When you’ve implemented business continuity plan best practices in your organisation, the next logical step is to automate them. The assumption is of course that you really do have best practices in place; otherwise automation will simply help you to be wrong more efficiently. In addition, BCM automation has a way of unexpectedly bringing things to upper management’s attention, so you’ll want to be sure that your BC planning has a solid foundation and sensible execution first of all. If this is the case, then there are two good reasons for automating.
The first is in the organization of the business continuity planning. Whether you use readily available office automation software (spread sheets, text-processing files, project management software or similar) or specific BCM tools, you can centralise information in a structured way and be sure of accessing and working on the current version – at least, as long as you also continue to do your regular data back-ups, which are part of your business continuity plan best practice! The advantage of software tools designed for BCM in particular is that they include standard BCM principles and processes that you would otherwise have to construct manually.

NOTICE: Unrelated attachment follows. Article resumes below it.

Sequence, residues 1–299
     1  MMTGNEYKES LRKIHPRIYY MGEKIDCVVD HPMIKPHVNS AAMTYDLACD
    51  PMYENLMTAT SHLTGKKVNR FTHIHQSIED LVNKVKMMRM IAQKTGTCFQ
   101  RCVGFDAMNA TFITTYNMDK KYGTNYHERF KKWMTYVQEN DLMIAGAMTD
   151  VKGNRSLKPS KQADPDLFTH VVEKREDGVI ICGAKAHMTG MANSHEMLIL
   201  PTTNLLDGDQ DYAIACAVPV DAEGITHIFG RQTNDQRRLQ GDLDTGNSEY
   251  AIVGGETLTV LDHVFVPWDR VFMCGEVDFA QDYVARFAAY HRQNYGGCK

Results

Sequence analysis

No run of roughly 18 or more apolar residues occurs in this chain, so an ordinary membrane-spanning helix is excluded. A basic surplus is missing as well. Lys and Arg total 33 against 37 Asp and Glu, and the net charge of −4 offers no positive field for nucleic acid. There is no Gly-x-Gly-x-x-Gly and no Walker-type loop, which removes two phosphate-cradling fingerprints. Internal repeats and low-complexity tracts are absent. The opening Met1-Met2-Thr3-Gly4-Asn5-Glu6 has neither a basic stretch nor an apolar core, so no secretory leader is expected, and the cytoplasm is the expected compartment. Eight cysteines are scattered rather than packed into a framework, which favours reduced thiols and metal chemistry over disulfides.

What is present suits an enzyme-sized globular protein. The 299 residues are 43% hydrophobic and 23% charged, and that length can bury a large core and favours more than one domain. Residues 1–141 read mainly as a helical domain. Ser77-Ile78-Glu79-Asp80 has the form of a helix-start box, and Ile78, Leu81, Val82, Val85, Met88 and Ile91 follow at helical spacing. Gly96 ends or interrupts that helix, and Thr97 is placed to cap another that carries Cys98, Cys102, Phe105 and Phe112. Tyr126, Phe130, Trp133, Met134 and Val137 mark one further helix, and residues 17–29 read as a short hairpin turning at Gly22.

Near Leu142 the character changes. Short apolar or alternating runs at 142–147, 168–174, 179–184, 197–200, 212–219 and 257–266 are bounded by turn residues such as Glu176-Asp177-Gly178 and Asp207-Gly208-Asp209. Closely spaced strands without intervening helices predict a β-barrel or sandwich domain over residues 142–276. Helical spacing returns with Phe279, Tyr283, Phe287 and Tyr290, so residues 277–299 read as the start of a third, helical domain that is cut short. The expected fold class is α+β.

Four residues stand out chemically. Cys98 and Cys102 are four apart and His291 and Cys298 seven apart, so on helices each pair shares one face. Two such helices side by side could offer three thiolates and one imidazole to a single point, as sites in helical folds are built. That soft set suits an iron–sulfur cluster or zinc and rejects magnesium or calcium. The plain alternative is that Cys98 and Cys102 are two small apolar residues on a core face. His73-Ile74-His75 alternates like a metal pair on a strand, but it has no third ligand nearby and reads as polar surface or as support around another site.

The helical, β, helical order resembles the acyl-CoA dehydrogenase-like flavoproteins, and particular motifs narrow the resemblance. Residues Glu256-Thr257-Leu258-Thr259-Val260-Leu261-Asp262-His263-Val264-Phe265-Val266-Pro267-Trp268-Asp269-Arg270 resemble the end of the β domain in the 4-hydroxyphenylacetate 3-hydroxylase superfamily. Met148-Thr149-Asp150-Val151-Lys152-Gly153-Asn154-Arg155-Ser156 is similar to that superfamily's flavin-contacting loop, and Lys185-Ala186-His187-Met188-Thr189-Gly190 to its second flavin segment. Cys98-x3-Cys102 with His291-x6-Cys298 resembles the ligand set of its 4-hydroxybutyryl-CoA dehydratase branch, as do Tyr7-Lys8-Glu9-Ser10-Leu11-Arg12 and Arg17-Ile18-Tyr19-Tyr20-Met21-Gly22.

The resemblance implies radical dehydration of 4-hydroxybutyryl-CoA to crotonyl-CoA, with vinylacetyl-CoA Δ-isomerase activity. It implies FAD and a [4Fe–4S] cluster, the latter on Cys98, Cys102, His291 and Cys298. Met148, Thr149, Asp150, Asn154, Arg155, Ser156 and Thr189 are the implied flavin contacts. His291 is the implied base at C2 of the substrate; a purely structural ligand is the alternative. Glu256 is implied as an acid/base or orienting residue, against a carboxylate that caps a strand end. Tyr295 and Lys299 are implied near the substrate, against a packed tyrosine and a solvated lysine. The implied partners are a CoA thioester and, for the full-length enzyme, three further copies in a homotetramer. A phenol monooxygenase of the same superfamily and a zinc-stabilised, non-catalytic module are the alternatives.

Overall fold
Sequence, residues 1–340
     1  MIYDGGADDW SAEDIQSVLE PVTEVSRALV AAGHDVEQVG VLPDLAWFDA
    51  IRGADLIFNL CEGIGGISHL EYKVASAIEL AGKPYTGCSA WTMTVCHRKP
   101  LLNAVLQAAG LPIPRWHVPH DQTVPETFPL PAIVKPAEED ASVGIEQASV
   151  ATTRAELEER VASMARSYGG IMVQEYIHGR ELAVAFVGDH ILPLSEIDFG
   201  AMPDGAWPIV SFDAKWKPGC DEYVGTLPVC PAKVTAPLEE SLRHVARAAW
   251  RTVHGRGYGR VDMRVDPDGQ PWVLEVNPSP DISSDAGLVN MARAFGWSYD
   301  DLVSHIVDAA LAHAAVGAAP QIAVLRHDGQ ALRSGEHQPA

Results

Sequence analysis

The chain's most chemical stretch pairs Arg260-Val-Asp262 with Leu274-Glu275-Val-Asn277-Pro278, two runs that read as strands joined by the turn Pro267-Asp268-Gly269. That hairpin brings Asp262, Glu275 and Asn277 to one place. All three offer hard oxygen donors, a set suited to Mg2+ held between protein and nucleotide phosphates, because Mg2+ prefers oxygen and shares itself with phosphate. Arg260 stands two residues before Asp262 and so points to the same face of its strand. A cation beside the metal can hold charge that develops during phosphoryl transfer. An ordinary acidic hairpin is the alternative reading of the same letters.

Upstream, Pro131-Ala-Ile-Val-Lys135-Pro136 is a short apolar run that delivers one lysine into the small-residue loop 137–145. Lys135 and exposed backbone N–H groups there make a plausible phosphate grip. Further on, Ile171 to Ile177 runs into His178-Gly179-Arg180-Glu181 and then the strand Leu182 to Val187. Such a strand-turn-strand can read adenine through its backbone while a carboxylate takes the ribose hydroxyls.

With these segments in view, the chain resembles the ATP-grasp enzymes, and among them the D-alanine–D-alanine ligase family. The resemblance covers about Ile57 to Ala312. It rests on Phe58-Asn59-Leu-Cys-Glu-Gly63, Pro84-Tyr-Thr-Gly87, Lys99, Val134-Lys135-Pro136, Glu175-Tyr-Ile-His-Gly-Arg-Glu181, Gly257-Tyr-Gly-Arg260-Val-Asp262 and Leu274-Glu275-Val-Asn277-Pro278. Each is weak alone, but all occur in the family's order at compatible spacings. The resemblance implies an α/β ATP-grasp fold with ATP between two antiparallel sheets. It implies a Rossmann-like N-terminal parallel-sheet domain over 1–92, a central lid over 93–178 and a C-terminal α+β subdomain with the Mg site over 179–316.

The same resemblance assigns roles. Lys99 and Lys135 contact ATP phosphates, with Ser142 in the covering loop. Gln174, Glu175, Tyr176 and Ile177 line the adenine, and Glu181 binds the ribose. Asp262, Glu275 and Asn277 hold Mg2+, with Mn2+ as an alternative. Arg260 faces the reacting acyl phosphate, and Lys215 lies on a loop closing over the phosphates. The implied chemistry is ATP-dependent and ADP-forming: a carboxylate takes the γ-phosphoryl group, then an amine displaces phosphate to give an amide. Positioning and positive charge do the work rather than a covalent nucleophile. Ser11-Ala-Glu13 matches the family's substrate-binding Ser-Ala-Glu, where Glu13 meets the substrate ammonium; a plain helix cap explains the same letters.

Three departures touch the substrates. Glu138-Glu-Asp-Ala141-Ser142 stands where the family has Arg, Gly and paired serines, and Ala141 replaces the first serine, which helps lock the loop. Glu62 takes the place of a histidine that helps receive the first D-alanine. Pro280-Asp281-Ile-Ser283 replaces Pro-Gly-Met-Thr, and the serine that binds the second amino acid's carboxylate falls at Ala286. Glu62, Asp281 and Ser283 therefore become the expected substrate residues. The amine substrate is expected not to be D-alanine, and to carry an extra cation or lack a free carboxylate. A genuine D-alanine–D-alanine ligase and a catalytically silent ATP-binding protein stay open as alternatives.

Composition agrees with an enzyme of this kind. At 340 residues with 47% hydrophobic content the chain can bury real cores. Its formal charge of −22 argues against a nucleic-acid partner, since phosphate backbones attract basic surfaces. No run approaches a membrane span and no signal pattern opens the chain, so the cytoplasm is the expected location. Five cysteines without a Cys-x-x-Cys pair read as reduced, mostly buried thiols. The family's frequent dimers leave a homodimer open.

The second is in terms of the distribution of business continuity plans to those who need them. Purpose-built BCM planning tools score by already having BCM functionality built in. Depending on the software package you choose, you’ll find capabilities like automatic reminders to the people in the organisation responsible for updating their part of the plan, and links to other databases for automatic synchronisation when information like employee contact details changes. Updated versions of the BC plan can be distributed to key business continuity operatives via different media; this includes mobile devices to ensure that business continuity plan best practice can continue wherever those people are.